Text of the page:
For early season bass I like to fish a streamer 2-to-4 inches long, depending on the average size of the bass found in that specific pond. I prefer a streamer with a neutral buoyancy. This allows the fly to be tantalizingly suspended in the strike zone, where I work it with a slow retrieve. Black wooly buggers are a personal favorite, but any of the standard streamer patterns should produce.
My pond tactics become more aggressive as spring progresses. Shallow bottoms transform into a moonscape of panfish beds when water temperatures creep into the mid-60s, offering an exciting sight fishing opportunity. Switching out the indicator for a bushy dry fly or small popper, I’ll twitch the dry fly around spawning flats or drop it over individual beds. The fly is often intercepted by an eager slurp when it intrudes on the fishes’ personal space. I will usually attach a dropper nymph for the more bashful sunfish unwilling to commit to the dry fly as well.
Sunfish beds are great places to prospect for bass too. Before their own spawning, bass will gorge on the distracted sunfish to gain the energy necessary for their reproduction. During this prespawn stage I’ll fish a streamer around any protective cover adjacent to the sunfish beds, now working it faster and more aggressively than I did when the water was colder. Bass often lie in the deeper water adjacent to spawning flats as well, ready to intercept any sunfish that stray too far from the shallows.
When water temperatures reach the 70-degree mark, I turn my attention to catching bass on topwater poppers. While streamers are still very productive during this time frame, there are few things in fishing more exciting than watching a big popper disappear in a toilet-bowl-flush of a strike. Evenings and early mornings are the prime time for fishing poppers, as sunlight is less intense, and winds are often lighter. I experiment with retrieves and patterns to gauge the mood of the fish. Sometimes the bass are more responsive to a deer hair popper softly twitched so that it barely ripples the surfaces. Other times sharply popping a hard-bodied popper is necessary to attract aggressive bass on the prowl. Experimenting with different popper styles and retrieves is part of the fun. Weed beds, downed trees, rock piles, and any other underwater structure or cover are all viable to produce.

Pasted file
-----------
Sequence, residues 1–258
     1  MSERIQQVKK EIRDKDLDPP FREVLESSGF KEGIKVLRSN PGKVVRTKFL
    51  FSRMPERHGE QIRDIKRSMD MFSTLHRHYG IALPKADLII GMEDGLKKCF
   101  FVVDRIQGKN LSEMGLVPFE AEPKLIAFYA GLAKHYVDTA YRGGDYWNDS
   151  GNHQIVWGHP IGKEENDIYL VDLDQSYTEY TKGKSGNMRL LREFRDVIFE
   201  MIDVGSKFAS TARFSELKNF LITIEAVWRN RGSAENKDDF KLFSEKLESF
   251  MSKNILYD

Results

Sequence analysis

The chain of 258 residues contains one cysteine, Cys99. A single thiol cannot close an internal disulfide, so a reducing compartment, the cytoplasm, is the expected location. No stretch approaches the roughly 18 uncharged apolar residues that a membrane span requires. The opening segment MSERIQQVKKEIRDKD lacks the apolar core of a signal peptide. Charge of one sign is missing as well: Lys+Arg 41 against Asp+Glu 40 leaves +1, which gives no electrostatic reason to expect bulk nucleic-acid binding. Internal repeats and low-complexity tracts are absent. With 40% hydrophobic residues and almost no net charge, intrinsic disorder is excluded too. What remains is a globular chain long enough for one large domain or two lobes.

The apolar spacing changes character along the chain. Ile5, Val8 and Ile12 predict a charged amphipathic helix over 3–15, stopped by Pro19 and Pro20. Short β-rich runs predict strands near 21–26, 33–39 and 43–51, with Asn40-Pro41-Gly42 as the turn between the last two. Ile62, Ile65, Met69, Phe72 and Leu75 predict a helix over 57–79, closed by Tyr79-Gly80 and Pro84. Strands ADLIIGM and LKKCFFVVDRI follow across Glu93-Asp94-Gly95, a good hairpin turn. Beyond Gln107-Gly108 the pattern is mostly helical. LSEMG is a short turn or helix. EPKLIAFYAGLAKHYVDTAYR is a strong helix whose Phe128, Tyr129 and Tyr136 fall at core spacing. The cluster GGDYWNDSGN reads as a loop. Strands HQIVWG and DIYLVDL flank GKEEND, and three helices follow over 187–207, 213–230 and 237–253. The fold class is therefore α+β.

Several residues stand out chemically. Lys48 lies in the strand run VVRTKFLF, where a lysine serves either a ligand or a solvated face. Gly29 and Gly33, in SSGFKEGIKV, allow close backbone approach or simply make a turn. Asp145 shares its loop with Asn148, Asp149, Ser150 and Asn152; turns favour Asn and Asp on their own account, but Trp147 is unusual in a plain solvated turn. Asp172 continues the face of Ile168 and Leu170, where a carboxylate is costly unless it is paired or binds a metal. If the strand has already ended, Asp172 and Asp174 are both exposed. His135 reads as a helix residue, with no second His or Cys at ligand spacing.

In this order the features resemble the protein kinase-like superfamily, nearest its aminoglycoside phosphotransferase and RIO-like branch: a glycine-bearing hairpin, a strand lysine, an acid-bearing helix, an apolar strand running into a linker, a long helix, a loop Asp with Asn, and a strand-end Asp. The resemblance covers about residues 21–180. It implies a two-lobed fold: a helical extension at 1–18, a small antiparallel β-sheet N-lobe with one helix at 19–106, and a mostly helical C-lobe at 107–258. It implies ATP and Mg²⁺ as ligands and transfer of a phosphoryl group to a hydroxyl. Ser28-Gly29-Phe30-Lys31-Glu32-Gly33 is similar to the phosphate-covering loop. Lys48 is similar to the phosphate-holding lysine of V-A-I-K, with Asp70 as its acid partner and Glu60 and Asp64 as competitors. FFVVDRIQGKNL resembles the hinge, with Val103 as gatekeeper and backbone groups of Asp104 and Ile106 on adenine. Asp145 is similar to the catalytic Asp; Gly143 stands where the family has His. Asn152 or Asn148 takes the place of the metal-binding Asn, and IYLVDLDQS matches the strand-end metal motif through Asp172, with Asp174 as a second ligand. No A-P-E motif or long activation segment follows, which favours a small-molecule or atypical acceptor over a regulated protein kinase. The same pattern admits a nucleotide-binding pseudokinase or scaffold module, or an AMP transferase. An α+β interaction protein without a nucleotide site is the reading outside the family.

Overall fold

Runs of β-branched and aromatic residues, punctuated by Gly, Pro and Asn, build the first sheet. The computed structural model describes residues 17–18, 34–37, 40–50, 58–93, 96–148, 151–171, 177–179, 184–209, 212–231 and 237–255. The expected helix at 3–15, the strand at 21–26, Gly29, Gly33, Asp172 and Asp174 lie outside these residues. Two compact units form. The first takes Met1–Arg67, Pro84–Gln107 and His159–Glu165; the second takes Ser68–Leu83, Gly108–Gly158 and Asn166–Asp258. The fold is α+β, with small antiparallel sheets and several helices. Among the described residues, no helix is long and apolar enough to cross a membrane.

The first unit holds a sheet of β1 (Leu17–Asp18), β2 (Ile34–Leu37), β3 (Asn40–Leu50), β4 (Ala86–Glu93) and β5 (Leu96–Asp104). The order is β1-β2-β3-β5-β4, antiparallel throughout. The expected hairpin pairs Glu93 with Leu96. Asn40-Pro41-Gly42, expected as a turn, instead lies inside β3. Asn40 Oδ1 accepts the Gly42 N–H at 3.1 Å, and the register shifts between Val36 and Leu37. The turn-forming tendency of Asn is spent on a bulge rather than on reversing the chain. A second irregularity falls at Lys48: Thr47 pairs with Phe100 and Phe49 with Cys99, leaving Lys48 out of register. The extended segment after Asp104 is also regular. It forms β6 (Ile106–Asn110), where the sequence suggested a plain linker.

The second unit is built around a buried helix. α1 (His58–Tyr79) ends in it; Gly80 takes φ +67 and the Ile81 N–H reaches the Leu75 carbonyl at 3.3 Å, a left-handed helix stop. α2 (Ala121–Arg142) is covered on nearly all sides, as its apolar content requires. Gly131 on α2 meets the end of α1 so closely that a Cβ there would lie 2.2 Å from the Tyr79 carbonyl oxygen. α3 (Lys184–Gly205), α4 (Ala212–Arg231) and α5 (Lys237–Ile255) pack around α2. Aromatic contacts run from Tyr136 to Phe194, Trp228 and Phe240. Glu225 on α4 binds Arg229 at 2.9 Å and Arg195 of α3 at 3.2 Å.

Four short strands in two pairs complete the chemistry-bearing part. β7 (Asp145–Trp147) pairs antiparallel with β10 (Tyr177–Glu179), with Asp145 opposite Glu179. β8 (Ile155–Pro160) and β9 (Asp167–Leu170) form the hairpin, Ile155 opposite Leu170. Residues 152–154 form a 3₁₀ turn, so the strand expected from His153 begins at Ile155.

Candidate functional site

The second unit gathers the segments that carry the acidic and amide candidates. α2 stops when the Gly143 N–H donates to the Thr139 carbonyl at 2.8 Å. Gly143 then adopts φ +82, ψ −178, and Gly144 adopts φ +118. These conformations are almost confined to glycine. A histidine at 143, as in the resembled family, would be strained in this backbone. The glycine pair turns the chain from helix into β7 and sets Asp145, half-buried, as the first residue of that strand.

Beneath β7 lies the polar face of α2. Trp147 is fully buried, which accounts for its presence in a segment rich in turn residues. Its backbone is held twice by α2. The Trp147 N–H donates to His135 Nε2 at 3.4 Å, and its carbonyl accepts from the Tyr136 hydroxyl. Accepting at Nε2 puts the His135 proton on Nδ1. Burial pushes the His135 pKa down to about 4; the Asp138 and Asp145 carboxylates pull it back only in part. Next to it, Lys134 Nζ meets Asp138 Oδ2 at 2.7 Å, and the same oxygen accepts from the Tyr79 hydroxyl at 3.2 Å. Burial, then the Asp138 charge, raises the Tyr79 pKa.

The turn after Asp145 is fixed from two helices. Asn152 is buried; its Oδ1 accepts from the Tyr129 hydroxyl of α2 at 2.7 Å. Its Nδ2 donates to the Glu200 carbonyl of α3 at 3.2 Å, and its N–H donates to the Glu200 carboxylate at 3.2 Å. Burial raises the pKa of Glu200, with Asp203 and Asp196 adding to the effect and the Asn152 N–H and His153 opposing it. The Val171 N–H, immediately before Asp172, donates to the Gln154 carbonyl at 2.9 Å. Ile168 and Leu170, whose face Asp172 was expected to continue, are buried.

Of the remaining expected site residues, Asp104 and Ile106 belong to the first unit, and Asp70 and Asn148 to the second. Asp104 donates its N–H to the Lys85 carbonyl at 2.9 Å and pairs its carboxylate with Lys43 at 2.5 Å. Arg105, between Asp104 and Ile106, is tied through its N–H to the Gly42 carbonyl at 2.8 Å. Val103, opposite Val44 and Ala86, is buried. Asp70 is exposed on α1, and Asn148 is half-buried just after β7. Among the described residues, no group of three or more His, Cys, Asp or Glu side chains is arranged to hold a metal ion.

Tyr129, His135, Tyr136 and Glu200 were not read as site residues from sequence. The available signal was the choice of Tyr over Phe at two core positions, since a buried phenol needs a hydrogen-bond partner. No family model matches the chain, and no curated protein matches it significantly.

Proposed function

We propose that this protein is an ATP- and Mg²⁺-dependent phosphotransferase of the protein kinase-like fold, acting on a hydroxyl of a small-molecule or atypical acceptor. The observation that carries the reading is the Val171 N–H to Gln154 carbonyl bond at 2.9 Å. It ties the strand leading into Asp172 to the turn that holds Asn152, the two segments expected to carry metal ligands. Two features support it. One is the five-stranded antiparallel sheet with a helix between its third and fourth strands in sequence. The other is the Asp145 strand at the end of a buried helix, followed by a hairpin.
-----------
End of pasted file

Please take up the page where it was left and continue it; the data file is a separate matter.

As for our golf course adventure, Alex and I plied the entire length of the pond that Monday afternoon for a little over an hour, landing several bass up to a pound for our efforts. While it was certainly enjoyable to feel the hearty tug of a bass again, the other firsts of spring stood out most. Spring peepers chirped for partners from the surrounding swamp, mating kingfishers reeled overhead before splashing after baitfish, and sunning turtles gracefully slipped off logs at our approach. All signs that another wonderful year spent on the water had just begun.
© Shane Behler